March 28, 2019
Garrison Keillor heads to Steele County for a solo performance to benefit the Historical Society. 7:30 p.m.
February 24, 2019
“Old Friends” Garrison Keillor, Christine DiGiallonardo, Richard Dworsky reunite at Crooners. Shows at 5 p.m. and 8 p.m.
Fergus Falls, MN
February 23, 2019
“Old Friends” Garrison Keillor, Christine DiGiallonardo, Richard Dworsky reunite at A Center for the Arts. 7:30 p.m.
Detroit Lakes, MN
February 22, 2019
“Old Friends” Garrison Keillor, Christine DiGiallonardo, Richard Dworsky reunite at Historic Holmes Theatre. 7:30 p.m.
St. Cloud, MN
February 21, 2019
“Old Friends” Garrison Keillor, Christine DiGiallonardo, Richard Dworsky reunite at Pioneer Place on Fifth. 7:30 p.m.
After We Saw What There Was To See
by Lawrence Raab
After we saw what there was to see
we went off to buy souvenirs, and my father
waited by the car and smoked. He didn’t need
a lot of things to remind him where he’d been.
Why do you want so much stuff?
he might have asked us. “Oh, Ed,” I can hear
my mother saying, as if that took care of it.
After she died I don’t think he felt any reason
to go back through all those postcards, not to mention
the glossy booklets about the Singing Tower
and the Alligator Farm, the painted ashtrays
and lucite paperweights, everything we carried home
and found a place for, then put away
in boxes, then shoved far back in our closets.
He’d always let my mother keep track of the past,
and when she was gone—why should that change?
Why did I want him to need what he’d never needed?
I can see him leaning against our yellow Chrysler
in some parking lot in Florida or Maine.
It’s a beautiful cloudless day. He glances at his watch,
lights another cigarette, looks up at the sky.
“After We Saw What There Was to See” by Lawrence Raab, from The History of Forgetting. © Penguin Poets, 2009. Reprinted with permission of the author. (buy now)
It was on this day in 1911 that the Norwegian explorer Roald Amundsen and his team became the first people ever to reach the South Pole on the continent of Antarctica, the last continent on earth to be explored by people. People weren’t even sure that there was land under the ice in Antarctica until the 19th century.
Amundsen was in a race with the British explorer Robert F. Scott, and he won the race largely because he was willing to use sled dogs as his primary mode of transportation, whereas Scott believed that traveling by dog sled was undignified. To reach the pole, Amundsen’s team had to travel about 800 miles into Antarctica’s interior in weather that occasionally reached 70 degrees below zero Fahrenheit, cold enough to freeze the liquid in their compasses. They had to eat some of their dogs as food, got caught in a blizzard, and they all suffered from frostbite. But on this day in 1911, their calculations and their compasses told them that they had reached the geographical South Pole, and they planted their Norwegian flag. Scott’s party reached the South Pole a little more than a month later, traveling by foot, and they froze to death before they ever made it home.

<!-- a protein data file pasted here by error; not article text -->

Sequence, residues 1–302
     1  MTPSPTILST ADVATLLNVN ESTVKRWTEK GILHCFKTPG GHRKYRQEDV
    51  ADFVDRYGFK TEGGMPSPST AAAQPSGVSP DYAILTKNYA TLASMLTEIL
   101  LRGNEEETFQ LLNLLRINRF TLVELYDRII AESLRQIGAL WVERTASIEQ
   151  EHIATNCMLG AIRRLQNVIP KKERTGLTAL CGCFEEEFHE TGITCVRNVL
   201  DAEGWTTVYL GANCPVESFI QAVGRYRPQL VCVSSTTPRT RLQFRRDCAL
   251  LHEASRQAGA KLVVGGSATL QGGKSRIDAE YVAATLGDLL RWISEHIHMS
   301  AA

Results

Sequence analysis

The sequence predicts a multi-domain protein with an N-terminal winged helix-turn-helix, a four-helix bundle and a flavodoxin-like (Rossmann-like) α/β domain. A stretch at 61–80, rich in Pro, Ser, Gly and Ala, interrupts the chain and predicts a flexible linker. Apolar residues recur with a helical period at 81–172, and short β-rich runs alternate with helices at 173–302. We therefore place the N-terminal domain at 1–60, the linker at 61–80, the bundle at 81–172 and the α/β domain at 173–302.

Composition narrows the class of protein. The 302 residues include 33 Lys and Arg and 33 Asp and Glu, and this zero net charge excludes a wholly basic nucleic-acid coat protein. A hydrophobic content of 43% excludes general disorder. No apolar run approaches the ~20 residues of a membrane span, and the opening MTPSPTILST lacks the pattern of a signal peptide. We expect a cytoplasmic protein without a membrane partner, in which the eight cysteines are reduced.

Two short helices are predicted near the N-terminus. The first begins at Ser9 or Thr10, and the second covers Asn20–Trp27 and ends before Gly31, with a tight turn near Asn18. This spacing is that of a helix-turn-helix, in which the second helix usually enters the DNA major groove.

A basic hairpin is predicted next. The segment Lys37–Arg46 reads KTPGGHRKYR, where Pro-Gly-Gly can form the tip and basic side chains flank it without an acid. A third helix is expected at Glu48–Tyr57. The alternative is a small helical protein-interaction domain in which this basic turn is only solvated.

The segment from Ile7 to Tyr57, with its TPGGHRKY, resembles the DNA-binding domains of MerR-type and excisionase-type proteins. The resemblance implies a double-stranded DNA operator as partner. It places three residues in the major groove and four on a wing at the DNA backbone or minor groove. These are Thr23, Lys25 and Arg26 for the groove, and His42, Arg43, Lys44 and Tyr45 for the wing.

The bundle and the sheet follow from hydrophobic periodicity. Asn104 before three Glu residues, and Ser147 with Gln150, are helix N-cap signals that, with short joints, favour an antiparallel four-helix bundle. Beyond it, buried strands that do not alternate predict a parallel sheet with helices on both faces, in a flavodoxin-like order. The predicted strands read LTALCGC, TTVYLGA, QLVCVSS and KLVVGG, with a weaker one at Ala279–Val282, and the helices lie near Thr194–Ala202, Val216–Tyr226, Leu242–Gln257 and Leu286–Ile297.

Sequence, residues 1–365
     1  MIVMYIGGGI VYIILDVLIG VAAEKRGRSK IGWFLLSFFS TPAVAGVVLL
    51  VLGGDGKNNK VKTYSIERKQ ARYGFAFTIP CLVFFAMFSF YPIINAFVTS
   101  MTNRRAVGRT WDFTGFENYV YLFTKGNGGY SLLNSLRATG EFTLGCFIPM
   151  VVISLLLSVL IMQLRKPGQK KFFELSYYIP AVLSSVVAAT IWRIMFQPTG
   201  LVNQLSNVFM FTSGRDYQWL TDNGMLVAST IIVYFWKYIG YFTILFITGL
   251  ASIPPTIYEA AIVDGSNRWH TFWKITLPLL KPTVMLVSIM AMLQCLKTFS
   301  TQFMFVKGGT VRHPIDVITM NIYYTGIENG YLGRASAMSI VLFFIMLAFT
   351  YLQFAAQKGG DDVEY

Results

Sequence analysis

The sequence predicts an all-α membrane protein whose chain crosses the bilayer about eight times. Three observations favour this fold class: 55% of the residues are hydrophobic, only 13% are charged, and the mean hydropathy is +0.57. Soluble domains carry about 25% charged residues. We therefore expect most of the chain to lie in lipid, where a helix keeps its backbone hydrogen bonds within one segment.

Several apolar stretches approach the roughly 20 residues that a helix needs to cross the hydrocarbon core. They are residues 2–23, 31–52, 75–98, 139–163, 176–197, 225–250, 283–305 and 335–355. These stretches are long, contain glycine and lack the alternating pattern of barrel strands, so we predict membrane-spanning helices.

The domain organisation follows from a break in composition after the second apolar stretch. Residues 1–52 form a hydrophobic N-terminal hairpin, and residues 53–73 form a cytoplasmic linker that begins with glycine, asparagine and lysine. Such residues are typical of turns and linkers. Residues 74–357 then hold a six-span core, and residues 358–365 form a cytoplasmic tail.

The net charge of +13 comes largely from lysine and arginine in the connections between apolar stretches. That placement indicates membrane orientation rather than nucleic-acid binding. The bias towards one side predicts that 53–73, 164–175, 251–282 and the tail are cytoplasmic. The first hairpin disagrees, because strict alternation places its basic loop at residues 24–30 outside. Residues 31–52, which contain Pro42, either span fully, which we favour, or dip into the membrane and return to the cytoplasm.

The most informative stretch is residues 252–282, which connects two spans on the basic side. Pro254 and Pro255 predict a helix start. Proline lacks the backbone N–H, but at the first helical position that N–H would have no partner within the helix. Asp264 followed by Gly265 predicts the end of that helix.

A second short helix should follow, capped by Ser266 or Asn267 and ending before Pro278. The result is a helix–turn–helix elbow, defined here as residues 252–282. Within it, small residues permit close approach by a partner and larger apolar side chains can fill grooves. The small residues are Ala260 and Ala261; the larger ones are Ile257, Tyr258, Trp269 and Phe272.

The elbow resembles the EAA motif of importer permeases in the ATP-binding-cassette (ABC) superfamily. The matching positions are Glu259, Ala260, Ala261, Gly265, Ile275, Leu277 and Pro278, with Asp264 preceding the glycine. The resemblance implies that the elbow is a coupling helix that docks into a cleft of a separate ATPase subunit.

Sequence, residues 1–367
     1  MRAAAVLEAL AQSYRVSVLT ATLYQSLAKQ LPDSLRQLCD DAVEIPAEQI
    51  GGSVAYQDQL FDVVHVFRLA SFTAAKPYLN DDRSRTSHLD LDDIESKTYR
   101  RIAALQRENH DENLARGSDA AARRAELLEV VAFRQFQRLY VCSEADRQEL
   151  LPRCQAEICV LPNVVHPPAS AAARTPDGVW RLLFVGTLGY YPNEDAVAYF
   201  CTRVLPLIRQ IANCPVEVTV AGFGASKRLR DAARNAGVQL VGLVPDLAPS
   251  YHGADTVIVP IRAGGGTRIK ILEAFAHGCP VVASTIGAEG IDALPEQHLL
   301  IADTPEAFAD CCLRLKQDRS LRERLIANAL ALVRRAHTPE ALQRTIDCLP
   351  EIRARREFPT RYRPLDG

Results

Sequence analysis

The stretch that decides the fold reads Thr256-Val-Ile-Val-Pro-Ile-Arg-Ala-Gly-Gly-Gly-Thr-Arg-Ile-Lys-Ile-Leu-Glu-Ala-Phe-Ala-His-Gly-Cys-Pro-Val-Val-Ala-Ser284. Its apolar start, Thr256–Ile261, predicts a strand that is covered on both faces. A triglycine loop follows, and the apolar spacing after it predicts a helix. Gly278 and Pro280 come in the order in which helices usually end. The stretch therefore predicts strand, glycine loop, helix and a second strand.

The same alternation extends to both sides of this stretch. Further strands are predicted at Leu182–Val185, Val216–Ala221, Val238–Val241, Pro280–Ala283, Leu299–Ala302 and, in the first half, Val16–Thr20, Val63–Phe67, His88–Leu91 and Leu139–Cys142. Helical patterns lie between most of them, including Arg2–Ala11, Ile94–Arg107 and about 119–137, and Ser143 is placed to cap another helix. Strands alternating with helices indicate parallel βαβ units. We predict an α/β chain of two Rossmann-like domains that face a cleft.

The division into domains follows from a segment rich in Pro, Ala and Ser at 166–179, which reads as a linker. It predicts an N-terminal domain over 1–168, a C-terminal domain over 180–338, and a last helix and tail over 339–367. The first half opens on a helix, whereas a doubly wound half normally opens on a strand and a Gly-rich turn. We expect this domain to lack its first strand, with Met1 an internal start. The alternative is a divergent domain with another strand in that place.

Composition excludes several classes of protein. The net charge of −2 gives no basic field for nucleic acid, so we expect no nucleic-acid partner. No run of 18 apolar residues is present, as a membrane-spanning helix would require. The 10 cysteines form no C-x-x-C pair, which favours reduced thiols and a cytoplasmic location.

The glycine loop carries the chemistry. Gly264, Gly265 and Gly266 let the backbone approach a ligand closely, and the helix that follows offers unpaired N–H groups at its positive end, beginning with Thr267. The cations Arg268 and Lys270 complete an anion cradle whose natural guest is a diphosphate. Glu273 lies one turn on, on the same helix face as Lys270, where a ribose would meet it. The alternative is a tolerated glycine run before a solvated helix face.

On this date in 1542, Mary Stuart ascended the throne of Scotland. She was only six days old when her father, James V, died. King Henry VIII of England, who was her great-uncle, tried to use the familial connection to unite England and Scotland, and drew up a treaty arranging the infant Mary’s eventual marriage to his son Edward. The Scots resisted, and Henry began the six-year “War of Rough Wooing” in an effort to force the Scots to comply. The child’s mother, Mary of Guise, negotiated a marriage pact with Henry II of France instead.
From the age of five, Mary Stuart grew up in France, in the court of Henry II, away from the political machinations taking place in England and Scotland. She received a good education, not only in courtly pursuits like music, dancing, and horsemanship, but also in Latin, Spanish, Italian, and Greek. Though she became an enduring symbol of Scotland, her upbringing and identity were thoroughly French. When she was 16, she was wed to King Henry’s eldest son, Francis, who was 14 at the time, and sickly. It was a purely political marriage, but she was fond of her young husband, who became king upon his father’s death in 1559. Six months after her marriage, Mary’s Protestant cousin once removed, Elizabeth, acceded to the throne of England, and Mary — a Catholic — was second in line for the crown.